"Readers are paying more attention to individual bloggers, frankly, than they are to us as a source of credible information," Barger says. "It is our job to try to influence the influencers, not through advertising and marketing but through the relationships and affinities we can build."

Barger says GM works "across the spectrum" of blogs — automotive, environmental, entertainment, lifestyle. The automaker engages specific blogs based on the vehicle it wants to promote or the news it wants to spread.

The effort isn't limited to reaching young, tech-savvy consumers, Barger says. "I don't think it is fair to say it is a play for Gen X or Gen Y. Boomers and seniors are far more connected than people give them credit for."

Nor does GM merely focus on the most popular blogs, Barger says. The test of a blogger's influence, he says, is "how often people come back commenting on what you have written or how often people are linking to you."

Calling all laddies

Eric Rogell's blog, "The Bachelor Guy," attracts 250,000 to 300,000 readers a month, mostly young men. The blog features posts such as "5 Summer Sex Positions That Could Get You Hospitalized. Or Arrested." He has attended four GM events.

"GM is being very progressive in recognizing that bloggers have loyal and strong audiences," says Rogell, who lives in Fort Lauderdale, Fla., and drives a 2006 Lexus IS 250.

Rogell says he was skeptical when Buick invited him to a press event in New York last month for the Lucerne sedan. He invented a jocular slogan for the car: "For People Who'd Rather Not Draw Attention to Themselves."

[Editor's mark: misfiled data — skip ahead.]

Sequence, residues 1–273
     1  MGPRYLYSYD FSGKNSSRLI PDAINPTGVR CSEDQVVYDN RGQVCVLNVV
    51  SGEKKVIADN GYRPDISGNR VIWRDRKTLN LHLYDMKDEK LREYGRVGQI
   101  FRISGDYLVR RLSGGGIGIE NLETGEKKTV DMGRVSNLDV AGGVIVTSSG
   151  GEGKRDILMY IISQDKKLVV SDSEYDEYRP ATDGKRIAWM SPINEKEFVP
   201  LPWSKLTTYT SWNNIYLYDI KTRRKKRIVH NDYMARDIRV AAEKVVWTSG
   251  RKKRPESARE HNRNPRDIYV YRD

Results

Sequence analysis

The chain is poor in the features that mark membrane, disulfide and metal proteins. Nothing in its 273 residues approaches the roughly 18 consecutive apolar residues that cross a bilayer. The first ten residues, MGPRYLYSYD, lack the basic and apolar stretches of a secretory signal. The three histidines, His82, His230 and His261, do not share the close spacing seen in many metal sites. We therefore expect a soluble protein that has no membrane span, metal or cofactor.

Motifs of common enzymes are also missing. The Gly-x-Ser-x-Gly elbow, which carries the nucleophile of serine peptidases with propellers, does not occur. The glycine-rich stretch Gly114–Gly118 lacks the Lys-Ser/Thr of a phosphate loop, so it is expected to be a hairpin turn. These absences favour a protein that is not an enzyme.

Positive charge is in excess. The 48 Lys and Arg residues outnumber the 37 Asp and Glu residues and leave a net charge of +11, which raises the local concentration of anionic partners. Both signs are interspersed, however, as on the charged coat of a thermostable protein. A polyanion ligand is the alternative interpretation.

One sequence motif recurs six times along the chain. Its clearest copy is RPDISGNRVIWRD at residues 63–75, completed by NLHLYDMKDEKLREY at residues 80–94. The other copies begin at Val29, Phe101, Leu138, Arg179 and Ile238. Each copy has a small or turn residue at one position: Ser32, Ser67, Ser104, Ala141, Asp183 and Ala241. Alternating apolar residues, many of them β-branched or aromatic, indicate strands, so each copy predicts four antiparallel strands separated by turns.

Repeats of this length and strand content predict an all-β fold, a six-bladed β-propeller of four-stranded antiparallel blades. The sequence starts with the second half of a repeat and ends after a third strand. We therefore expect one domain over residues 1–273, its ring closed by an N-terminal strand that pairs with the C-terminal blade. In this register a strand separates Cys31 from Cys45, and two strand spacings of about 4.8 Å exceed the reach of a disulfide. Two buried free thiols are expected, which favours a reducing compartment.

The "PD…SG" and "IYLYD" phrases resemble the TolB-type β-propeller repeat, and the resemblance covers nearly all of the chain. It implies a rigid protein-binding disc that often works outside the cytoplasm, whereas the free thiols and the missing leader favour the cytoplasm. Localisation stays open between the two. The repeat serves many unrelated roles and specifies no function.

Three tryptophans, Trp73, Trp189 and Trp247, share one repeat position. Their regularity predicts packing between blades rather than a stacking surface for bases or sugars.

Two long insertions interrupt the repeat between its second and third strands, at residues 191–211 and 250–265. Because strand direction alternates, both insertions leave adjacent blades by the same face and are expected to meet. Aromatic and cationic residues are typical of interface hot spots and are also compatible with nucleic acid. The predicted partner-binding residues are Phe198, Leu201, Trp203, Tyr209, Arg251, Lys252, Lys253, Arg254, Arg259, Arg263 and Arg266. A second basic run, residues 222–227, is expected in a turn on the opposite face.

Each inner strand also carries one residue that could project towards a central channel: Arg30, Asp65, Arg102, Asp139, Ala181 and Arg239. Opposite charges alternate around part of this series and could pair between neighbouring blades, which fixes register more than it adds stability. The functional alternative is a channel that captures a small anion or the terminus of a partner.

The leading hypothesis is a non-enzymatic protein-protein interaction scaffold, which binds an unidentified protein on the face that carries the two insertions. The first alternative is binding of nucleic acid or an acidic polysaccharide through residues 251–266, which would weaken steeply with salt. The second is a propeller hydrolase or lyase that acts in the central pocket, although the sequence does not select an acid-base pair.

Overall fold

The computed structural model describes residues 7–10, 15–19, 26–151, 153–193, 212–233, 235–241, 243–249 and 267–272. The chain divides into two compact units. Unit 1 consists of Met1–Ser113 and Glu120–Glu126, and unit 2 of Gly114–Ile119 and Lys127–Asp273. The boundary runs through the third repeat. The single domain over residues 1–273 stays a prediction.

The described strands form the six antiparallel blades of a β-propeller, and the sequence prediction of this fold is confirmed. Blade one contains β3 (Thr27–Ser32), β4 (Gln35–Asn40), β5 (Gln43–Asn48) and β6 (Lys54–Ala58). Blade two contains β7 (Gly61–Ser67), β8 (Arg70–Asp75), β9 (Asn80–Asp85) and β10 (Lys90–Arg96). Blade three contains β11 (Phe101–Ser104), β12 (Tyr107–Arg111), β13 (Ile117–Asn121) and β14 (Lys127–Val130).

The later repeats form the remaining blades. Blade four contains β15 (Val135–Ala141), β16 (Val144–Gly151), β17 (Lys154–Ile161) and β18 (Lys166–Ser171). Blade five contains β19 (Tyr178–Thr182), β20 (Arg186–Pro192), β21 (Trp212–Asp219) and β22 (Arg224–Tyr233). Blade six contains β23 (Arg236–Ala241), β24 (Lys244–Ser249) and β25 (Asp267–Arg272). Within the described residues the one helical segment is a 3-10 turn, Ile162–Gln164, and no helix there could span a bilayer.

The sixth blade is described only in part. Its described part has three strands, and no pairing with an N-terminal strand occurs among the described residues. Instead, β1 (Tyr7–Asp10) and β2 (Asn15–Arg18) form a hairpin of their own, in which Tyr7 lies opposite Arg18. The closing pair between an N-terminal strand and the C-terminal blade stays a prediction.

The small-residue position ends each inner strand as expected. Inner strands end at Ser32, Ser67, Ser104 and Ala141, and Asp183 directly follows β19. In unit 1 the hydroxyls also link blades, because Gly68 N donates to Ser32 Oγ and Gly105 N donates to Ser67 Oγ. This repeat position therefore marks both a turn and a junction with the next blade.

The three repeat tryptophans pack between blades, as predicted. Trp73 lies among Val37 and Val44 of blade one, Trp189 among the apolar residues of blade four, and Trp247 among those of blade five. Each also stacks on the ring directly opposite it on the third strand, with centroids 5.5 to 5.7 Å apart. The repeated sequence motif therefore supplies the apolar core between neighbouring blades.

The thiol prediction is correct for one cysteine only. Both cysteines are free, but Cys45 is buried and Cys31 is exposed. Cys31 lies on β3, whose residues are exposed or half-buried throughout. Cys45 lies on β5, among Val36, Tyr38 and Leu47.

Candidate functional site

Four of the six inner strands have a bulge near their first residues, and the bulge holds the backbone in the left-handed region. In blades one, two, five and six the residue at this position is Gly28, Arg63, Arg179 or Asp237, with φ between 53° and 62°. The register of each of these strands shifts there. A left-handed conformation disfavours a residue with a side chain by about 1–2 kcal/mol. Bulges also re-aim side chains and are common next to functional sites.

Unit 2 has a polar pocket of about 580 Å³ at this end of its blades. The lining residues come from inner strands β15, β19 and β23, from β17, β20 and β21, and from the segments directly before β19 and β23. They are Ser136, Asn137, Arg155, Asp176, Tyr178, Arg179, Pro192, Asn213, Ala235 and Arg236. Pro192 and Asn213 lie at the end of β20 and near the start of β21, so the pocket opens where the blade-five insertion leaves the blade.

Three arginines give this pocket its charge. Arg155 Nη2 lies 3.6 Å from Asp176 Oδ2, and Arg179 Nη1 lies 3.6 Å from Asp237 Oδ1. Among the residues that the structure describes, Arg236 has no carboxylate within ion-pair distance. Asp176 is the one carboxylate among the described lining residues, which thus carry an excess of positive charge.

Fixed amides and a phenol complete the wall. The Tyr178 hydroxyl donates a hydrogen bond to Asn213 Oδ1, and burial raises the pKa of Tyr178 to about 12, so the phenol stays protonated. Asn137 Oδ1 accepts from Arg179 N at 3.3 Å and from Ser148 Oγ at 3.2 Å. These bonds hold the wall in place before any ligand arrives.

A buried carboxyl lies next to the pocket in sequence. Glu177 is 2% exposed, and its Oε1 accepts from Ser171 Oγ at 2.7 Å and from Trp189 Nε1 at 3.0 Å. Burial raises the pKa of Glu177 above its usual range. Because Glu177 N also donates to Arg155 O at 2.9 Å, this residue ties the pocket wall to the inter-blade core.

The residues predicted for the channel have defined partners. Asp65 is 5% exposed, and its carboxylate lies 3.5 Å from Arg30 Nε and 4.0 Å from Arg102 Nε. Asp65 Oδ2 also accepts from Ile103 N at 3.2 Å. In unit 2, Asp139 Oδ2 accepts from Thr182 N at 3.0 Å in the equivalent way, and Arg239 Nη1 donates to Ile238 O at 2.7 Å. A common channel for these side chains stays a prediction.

But he wrote in a blog post after the event: "Turns out the people at Buick might be just as bored with the cars, and as distressed the nameplate has lost its luxury luster, as the rest of us. Because it looks like they are finally doing something about it."

Kim Moldofsky, 39, writes a mom blog called "Hormone-colored Days." After she test drove the Malibu at the same event Hammond attended, she says she was impressed, but not sold.

"It's going to take more than a sleek design, good price point and better fuel efficiency to get us to go domestic," Moldofsky wrote on her blog. "We want to see an established track record — something that indicates a high level of reliability."

Moldofsky, who lives in suburban Chicago, drives a 2000 Subaru Outback. She says blogs such as hers may not determine other consumers' vehicle buying decisions, but do affect them. She declined to estimate her blog's readership.

"I spend a lot more time reading blogs than I do reading newspapers or watching TV," Moldofsky says. "I would like to hear mothers or fathers speak. I do consider the opinions of other parents."

Closing the gap

Barger says GM uses its contacts with bloggers to address what he calls the perception gap between the quality and performance of GM vehicles and consumer attitudes.

"This outreach does have an impact on what people think," he says. "If bloggers are driving and coming in and talking to people who make the battery packs, they see it for themselves. It is not necessarily an attempt to change GM's image. It is an attempt to give access and let you make up your own mind."

GM also monitors blogs as a "customer service tool" to spot trends and handle complaints, Barger says. "Blogs are a focus group writ large," he says. "Why wouldn't you listen and pay attention and incorporate some of that feedback?"

GM is broadening its engagement with bloggers and their readers, Barger says. "It is an effective tool in connecting with the community," he says. "It is a touch point for us."